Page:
5. Myanmar is undergoing significant transformation. In 2011, the Government embarked on wide-ranging reforms, including opening up democratic space after decades of military control. This culminated in historic elections on 8 November 2015, and the transfer of power to a civilian Government on 31 March 2016. Yet, the military retains 25 per cent of seats in Parliament, giving it a de facto veto on any Constitutional amendment. Moreover, the Commander-in-Chief appoints key Ministers: Home Affairs, Border Affairs and Defence.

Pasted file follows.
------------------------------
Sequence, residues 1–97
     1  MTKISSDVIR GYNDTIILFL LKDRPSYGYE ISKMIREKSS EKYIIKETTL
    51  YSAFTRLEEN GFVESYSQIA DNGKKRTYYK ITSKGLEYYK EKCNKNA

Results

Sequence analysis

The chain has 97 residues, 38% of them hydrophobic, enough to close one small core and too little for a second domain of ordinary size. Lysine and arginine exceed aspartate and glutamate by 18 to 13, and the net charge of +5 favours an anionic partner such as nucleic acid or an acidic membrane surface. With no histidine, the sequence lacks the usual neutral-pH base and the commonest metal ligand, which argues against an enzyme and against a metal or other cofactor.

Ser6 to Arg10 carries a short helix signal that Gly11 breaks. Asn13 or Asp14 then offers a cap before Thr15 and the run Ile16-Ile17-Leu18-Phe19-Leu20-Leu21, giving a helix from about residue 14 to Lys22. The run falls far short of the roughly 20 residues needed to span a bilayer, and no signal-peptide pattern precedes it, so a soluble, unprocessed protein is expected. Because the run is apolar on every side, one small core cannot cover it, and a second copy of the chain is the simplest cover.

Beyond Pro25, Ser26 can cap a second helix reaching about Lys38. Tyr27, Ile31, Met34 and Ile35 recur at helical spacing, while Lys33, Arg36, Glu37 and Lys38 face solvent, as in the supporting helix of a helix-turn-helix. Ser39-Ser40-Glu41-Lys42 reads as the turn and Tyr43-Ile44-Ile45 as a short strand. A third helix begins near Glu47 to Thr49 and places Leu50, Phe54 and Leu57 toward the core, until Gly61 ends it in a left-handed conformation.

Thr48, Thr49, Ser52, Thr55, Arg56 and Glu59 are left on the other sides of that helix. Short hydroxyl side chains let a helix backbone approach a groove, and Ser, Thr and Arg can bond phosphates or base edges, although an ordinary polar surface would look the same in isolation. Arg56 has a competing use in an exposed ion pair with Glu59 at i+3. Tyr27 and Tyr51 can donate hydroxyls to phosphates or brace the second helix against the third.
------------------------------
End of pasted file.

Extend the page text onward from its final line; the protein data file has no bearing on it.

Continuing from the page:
6. In May 2015, 700,000 individuals from minority communities were disenfranchised. Muslim candidates were disqualified from standing for election, and the current Parliament does not count any Muslim member.

  7. On 15 October 2015, the Government and eight of the over 20 ethnic armed groups in Myanmar signed a nationwide ceasefire agreement. Yet, armed conflict persists in Kachin and northern Shan States, along with sporadic skirmishes including in Chin, Kayin and Rakhine States. The new Government – the most ethnically diverse Government in decades – has proposed a “21st century Panglong Conference” to advance the peace process.